Wayne and Holmes counties are blessed with many wonderful churches, and from time to time some of our churches come together for special worship, mission or service events. But there’s so much more we could do as the Body of Christ united. That’s why I’m excited to tell you about something called LifeFest. Actually, let me borrow a few lines from event coordinator, Shea Stitzlein: “The first annual LifeFest will be held Sunday, October 5 at 5:00 P.M. at the Wooster High School Performing Arts Center. LifeFest is a non-profit fundraising event that will combine music, testimonies, speakers, child care information, raffle drawings, and other opportunities for churches and organizations to reach out to the community while raising funds and awareness for the Pregnancy Care Center of Wayne County…. As the Body of Christ, our hearts are growing strong with the fight to educate men and women, and to help to end abortion. We believe that all life, inside or outside the womb, is a blessing from God. We would like to fight to protect it. Our primary goal with this event is to unite the Body of Christ in support and celebration of the unborn.”

So, LifeFest will kick off with a free concert, along with refreshments, a bake sale and raffle. Music will include the Representatives Quartet and worship teams from Church of the Open Door, Chestnut Ridge Mennonite and Faith Harvest. A freewill offering will be taken. If you would like to bless the Pregnancy Care Center with a material donation, you are invited to bring an unwrapped “baby shower gift.” This is a great opportunity to supply mothers and fathers with simple material needs. Also, donations of baked goods or raffle items are most welcome. (Raffle ideas: electronics, housewares, gift baskets, gift cards, gift certificates for services.) If you would like to make a donation, please contact Shea Stitzlein at 330-749-9360 or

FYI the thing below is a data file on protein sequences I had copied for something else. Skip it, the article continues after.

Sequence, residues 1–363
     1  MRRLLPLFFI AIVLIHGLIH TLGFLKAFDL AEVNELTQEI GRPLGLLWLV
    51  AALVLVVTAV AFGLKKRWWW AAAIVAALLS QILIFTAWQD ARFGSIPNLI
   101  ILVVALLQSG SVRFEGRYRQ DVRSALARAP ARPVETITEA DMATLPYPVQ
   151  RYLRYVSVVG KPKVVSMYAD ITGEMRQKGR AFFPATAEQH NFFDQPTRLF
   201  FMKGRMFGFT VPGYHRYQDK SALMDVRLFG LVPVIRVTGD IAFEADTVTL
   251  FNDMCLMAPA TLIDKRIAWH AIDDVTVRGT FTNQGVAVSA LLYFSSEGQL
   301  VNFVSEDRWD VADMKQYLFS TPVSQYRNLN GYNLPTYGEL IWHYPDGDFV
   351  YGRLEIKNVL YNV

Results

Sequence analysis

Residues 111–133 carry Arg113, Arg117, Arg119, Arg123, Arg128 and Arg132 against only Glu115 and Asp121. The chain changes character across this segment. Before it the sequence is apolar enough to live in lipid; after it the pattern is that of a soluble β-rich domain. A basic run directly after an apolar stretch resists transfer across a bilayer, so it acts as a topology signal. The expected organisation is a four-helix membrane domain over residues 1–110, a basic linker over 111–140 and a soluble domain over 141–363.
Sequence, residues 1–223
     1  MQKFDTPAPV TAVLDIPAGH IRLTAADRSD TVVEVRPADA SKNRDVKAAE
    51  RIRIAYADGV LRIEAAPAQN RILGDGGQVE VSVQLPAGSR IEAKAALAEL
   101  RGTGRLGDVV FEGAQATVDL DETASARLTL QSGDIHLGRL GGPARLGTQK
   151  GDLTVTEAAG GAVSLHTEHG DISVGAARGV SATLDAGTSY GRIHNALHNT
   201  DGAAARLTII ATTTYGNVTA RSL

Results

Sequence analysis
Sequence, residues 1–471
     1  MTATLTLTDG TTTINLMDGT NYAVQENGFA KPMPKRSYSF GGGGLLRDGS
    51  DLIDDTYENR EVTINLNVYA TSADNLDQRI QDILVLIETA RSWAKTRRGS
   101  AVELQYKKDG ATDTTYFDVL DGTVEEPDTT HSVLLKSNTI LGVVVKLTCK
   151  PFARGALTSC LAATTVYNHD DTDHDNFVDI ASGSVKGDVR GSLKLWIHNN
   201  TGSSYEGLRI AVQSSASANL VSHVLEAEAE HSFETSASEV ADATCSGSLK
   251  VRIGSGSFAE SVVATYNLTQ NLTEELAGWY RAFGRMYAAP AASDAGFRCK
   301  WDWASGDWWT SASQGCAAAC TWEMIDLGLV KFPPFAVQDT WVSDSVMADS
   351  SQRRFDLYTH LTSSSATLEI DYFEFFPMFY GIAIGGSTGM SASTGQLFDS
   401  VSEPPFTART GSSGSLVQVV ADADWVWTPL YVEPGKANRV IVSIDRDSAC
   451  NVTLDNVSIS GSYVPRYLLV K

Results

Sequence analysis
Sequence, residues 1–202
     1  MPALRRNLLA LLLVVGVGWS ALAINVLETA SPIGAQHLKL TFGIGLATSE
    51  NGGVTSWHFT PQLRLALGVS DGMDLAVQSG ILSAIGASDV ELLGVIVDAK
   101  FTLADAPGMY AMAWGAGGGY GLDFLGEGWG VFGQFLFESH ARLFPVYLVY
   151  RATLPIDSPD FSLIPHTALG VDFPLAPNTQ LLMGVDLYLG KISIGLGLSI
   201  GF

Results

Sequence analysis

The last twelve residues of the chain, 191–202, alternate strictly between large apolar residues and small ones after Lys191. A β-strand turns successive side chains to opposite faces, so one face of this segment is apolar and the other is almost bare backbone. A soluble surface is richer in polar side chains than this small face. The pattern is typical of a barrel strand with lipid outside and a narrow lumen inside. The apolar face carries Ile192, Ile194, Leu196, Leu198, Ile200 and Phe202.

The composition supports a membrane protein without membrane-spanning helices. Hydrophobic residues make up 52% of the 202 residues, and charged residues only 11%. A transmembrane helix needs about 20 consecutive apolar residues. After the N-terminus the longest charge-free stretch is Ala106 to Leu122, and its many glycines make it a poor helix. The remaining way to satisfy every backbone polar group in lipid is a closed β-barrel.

Other wonderful opportunities: Don’t forget Harvest Praise, Saturday, October 4 at the Visocky Farm. If you’ve been there, I know you’ll want to go back—if you haven’t been there, you’ll be surprised what you’ve been missing! Early Morning Prayer—since the newsletter reaches more people than the Sunday bulletin, you may not have heard that the church is open Wednesday mornings, 5:00-6:00 A.M. for prayer. Stop in for a few minutes or the whole hour. Pray by yourself or with friends. Enjoy this quality time with the Lord!

God bless your October!

Pastor Bill


September 2014